166. Let us come to the fourth commandment.
Remember the Sabbath day, to keep it holy. Sis days shalt thou labour, and do all thy work: But the seventh is the Sabbath of the Lord thy God: in it thou shalt not do any work, thou, nor thy son, nor thy daughter, thy man-servant, nor thy maid-servant, nor thy cattle, nor thy stranger that is within thy gates: For in six days the Lord made haven and earth, the sea, and all that in them is, and rested the seventh day, and hallowed it.

167. Does He order us to labour six days a week that may rest on the seventh?
Not precisely, but in allowing us to labour for six days, He excepts the seventh, on which it is not right to be engaged in work.

168. Does He thus forbid us all work one day a week?
This commandment has a particular reason, for the observance of rest is part of the ceremonies of the ancient Law, which was abolished at the coming of Jesus Christ.

169. Do you mean that this commandment properly belongs to the Jews, and that it was given for the time of the Old Testament?
I do, in so far as it is ceremonial.

170. How is that? Is there anything else in it besides the ceremony?
It was given for three reasons.

171. What are they?
To represent spiritual rest, in aid of ecclesiastical polity, and for the relief of servants.

172. What is this spiritual rest?
It is to cease from our own works, that the Lord may work in us.

173. How is that done?
By mortifying our flesh, that is, renouncing our own nature, so that God may govern us by His Spirit.

174. Is this to be done only one day a week?
This is to be done continually. After we have once begun, we must continue all our life.

175. Why, then, is a certain day appointed to represent this?
It is not required that the representation should be altogether identical with the truth, but it is sufficient that there should be some resemblance.

176. But why is the seventh day appointed rather than any other day?
The number seven implies perfection in Scripture. Thus it is suited to denote perpetuity. It reminds us also that our spiritual rest is only begun in this life, and will not be perfect until we depart from this world.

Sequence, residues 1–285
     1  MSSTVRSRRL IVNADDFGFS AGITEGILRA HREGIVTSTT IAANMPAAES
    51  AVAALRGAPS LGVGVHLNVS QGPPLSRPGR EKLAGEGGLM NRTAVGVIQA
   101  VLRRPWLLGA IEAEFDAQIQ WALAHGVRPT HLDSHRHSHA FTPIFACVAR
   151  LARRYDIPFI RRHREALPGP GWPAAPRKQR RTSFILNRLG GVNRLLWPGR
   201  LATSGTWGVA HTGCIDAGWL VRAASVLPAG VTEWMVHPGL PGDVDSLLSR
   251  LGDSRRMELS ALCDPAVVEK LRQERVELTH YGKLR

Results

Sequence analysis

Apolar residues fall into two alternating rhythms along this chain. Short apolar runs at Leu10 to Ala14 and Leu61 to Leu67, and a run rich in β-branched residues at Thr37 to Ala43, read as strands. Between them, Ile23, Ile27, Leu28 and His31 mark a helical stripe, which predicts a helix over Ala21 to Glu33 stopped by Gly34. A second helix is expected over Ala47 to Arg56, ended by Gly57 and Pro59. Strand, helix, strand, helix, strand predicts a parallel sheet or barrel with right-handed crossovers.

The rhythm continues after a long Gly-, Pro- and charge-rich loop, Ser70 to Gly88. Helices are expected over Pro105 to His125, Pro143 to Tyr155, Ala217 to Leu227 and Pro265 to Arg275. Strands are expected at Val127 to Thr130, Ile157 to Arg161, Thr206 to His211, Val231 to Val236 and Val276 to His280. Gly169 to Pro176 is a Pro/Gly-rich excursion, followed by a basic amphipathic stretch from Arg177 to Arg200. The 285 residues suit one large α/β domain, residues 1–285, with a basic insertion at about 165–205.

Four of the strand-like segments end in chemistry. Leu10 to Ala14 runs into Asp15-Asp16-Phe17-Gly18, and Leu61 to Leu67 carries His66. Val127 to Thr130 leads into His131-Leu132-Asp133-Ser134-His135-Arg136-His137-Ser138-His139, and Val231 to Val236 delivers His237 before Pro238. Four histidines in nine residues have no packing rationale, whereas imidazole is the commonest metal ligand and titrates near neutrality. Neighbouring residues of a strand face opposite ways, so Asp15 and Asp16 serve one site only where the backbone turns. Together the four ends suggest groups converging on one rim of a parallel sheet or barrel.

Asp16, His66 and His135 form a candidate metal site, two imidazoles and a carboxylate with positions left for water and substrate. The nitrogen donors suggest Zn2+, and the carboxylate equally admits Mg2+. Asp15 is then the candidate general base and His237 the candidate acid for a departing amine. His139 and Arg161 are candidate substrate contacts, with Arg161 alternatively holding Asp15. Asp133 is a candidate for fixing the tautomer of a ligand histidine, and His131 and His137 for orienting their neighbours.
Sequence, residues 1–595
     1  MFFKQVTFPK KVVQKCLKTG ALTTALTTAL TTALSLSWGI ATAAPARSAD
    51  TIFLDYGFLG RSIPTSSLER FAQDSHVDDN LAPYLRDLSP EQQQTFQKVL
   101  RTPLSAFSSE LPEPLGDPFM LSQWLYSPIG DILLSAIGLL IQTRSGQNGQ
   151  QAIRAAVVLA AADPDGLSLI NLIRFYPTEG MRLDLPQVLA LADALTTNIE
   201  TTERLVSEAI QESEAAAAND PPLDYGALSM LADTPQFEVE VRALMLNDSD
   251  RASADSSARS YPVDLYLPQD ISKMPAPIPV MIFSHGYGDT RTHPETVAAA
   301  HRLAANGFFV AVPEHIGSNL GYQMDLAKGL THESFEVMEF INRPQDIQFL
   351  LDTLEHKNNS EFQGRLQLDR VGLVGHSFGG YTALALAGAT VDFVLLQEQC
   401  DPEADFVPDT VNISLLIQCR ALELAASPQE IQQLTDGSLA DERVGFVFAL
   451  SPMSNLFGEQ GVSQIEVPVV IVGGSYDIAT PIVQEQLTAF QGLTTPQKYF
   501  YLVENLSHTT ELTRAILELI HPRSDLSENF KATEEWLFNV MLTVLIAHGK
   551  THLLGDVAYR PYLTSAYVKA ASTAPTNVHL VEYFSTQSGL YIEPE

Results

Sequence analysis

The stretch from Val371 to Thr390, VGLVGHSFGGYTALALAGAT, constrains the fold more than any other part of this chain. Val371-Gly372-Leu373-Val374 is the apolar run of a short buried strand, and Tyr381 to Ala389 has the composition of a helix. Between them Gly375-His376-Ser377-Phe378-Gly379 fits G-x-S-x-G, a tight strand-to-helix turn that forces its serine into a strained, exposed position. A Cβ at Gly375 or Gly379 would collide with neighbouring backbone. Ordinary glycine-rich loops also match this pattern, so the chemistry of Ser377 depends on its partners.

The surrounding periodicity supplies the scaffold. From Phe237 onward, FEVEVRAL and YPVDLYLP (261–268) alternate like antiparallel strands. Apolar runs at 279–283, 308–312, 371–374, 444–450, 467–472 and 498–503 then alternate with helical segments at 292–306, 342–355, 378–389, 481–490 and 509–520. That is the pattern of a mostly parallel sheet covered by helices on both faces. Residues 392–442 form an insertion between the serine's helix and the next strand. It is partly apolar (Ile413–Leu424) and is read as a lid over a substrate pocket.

177. But what is meant when our Lord asserts that we must rest as He did?
After having created all His works in six days, He dedicated the seventh to the contemplation of His works. And in order better to induce us to do this, He set before us His own example. For nothing is so desirable as to be conformed to Him.

178. Must we meditate continually on the works of God, or is it sufficient on one day out of seven?
We must do it every hour, but because of our weakness, one day is specially appointed. And this is the polity of which I spoke.

179. What order, then, is to be observed on that day?
That the people meet to hear the doctrine of God, to engage in common prayer, and bear witness to their faith and religion.

*In the above catechism, Calvin is making a distinction between keeping the last day of the week sabbath and the Lord’s day. Believers are no longer under the bondage of keeping the last day of the week sabbath-in this way, it was entirely ceremonial. However, we are still to keep the Lord’s day as it was implemented, not as a replacement, but as a relief.

“We must refrain from our own business which might hinder us from the mining of God’s works, and we must call upon His name and exercise our selves in His word. If we spend the Lord’s Day in making good cheer, and in playing and gaming, is that a good honoring of God? Nay, it is not a mockery, yea a very unhallowing of His name? Yes. But when the Shop-windows are shut in on the Lord’s Day, and men travel not as they do on other days, it is to the end [that] we should have the more leisure and liberty, to intend to the things that God commandeth… Yet notwithstanding it is so common a thing, as is pity to see (i.e. that people refuse to come to the sermon, conduct their own affairs, indulge in gluttony and withdraw into their homes away from the church on the Lord’s Day), and would God that [these] examples were more rare and further off to be found. But the world sees how all things are unhallowed, insomuch that most folk have no regard at all of the using of that Day, which was ordained to withdraw us from all earthly cares and affairs that we might give ourselves wholly unto God. But if the Lord’s Day be spent not only in games and pastimes fully contrary to God, so as men think they have not kept holy the Lord His Day, except God be offended divers ways; if the holy order which God ordained to bring us to Him be broken after that fashion, is it any wonder though men play the beasts all the week after?”

Sermon 34 on Deuteronomy, in The Sermons of John Calvin upon the Fifth Book of Moses Called Deuteronomy, translated by Arthur Golding, London, 1583, page 204. Also translated in John Calvin’s Sermons on the Ten Commandments, Benjamin W. Farley, 1980.